LAS VEGAS – High-spirited, not entirely sober fans cheered on a weary group of card sharks early Tuesday as the gamblers entered the final stretch of the contest for a place at the World Series of Poker’s final table.
Just three eliminations stood between the remaining players in the world’s biggest no-limit Texas Hold 'em competition and a ticket to a November finale worth $8.4 million for the winner.
Men in hoodies and sunglasses played amid the blue and red lights of an ESPN set crafted within the Rio hotel-casino off the Las Vegas Strip.
The day started with 27 players in the hunt. The field had been winnowed to 12 as midnight neared. Play was expected to last into the wee hours of Tuesday morning, as the gamblers became more cautious, wary of losing their shot at poker stardom come fall.
Those remaining are already guaranteed a half-million dollar payout, but each is hoping for a chance to make the final nine.
The “November nine” will take a four-month break before returning to the casino to settle the title in front of ESPN cameras.
The bleary-eyed gamblers, who have logged more than 70 hours of play over the past week, beat out more than 6,000 hopefuls from 83 nations.
The bad beats and roller-coaster chip swings had weeded out the one-in-a-million dreamers, leaving skilled, mostly professional players on the final day of the summer competition.
Among them was Brazil native Bruno Kawauti. Wearing tinted sunglasses and a Brazilian soccer jacket, he was surrounded by dozens of fans who wore Brazilian soccer jerseys and draped the country’s flag over their shoulders.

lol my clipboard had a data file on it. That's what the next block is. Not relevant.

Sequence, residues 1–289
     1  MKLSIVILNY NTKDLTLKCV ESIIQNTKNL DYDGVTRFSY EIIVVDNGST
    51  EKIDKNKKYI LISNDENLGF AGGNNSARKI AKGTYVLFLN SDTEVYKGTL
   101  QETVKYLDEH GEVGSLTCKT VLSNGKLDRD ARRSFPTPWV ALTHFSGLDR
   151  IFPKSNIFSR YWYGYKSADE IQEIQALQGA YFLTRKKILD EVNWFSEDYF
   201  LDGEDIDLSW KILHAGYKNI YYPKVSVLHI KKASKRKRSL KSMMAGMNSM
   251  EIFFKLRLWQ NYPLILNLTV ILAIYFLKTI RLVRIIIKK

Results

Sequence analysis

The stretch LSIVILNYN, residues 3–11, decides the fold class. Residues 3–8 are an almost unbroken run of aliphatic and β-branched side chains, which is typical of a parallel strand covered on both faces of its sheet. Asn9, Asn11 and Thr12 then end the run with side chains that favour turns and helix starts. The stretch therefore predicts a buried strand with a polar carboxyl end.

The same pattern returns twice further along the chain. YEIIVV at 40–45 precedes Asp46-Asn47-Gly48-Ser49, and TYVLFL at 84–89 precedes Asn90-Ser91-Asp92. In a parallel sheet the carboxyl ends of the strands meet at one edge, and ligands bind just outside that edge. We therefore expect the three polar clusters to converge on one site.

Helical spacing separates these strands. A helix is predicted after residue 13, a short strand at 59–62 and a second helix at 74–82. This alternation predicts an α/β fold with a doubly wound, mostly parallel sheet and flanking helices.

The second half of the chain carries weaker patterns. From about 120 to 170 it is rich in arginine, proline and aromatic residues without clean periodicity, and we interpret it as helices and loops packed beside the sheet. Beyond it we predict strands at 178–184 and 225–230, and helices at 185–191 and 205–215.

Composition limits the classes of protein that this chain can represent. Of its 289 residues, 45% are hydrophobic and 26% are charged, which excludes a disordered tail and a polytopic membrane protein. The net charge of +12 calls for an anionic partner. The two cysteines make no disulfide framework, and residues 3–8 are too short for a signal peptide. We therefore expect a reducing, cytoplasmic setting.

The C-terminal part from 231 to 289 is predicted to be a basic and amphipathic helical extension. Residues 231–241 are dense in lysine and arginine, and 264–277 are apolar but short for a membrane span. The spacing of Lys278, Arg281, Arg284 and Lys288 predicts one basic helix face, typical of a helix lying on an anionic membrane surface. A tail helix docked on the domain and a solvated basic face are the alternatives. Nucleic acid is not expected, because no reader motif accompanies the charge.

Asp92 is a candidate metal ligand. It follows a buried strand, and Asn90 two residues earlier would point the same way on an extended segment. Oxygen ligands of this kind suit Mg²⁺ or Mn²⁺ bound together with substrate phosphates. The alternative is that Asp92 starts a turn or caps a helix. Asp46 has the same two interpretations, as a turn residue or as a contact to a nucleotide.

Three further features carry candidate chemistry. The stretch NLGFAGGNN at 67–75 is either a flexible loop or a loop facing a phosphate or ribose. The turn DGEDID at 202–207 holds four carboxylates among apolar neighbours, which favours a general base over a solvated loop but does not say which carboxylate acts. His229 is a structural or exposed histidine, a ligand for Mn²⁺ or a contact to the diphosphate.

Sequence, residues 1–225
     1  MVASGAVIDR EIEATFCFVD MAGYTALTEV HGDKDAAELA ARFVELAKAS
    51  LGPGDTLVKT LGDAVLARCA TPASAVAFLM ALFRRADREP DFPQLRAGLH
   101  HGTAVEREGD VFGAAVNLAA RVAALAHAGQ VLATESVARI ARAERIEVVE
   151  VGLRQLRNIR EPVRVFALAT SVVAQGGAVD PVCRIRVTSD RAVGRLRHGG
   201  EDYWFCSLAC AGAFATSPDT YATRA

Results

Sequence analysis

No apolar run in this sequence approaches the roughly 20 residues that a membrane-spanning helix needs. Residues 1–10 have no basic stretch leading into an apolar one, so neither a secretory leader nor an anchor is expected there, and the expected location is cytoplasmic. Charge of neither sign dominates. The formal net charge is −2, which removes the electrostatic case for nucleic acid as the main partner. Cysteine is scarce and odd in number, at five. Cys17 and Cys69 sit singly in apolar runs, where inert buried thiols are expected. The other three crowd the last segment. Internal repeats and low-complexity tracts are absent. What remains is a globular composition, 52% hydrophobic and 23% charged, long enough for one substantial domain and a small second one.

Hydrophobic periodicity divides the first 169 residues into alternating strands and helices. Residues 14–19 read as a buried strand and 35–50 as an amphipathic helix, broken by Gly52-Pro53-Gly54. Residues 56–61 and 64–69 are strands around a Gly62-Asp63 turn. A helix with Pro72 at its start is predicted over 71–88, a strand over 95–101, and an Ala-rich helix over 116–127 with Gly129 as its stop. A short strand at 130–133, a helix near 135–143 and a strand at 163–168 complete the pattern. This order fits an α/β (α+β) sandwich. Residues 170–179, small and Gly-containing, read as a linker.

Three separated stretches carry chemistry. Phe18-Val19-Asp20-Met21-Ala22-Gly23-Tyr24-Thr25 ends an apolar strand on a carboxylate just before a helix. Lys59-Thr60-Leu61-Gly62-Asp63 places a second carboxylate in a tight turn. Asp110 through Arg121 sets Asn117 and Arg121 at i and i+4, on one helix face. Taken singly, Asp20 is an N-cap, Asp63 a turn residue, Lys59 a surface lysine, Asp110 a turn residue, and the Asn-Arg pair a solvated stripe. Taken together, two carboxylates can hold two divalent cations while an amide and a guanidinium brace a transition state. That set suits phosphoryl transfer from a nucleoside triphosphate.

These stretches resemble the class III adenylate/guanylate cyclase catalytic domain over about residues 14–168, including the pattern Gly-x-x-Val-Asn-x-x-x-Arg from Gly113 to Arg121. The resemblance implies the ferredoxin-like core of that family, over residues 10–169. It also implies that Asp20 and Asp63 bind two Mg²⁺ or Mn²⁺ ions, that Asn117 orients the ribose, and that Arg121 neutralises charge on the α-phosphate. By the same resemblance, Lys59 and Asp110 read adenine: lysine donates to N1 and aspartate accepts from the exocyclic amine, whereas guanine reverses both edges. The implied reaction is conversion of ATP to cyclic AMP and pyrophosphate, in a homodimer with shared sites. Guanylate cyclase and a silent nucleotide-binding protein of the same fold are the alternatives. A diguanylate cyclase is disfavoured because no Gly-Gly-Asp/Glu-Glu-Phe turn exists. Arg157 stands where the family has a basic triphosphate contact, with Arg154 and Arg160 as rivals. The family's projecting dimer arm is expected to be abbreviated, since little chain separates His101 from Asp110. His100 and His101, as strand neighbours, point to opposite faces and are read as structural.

They sang Portuguese fight songs as Kawauti went all in. He bowed at 15th place thanks to Rep Porter, who flopped a set of sevens against pocket tens.
His fan base hoisted him in the air after his elimination.
“So many people playing different tournaments at the same time, it’s incredible,” said Romu Marujo, who traveled from South America to cheer on his friend. “To us in Brazil, it’s something we can’t imagine.”
A single Las Vegas local, Jay Farber, remained in play. Other contenders hail from Spain, the Netherlands and France.
No women remain in the field, which started out 95 percent male.
Last year’s winner, Greg Merson, was knocked out of the tournament Saturday, in 167th place, leaving 2001 champ Carlos Mortensen as the only former main event winner remaining in the field as of Monday afternoon.
Poker legend Doyle Brunson, who played the whole tournament in his trademark cowboy hat, bowed out Friday in 409th place.
Popular pros Phil Hellmuth, Daniel Negreanu and Phil Ivey tried their luck and went home having lost the $10,000 entrance fee with nothing to show for it.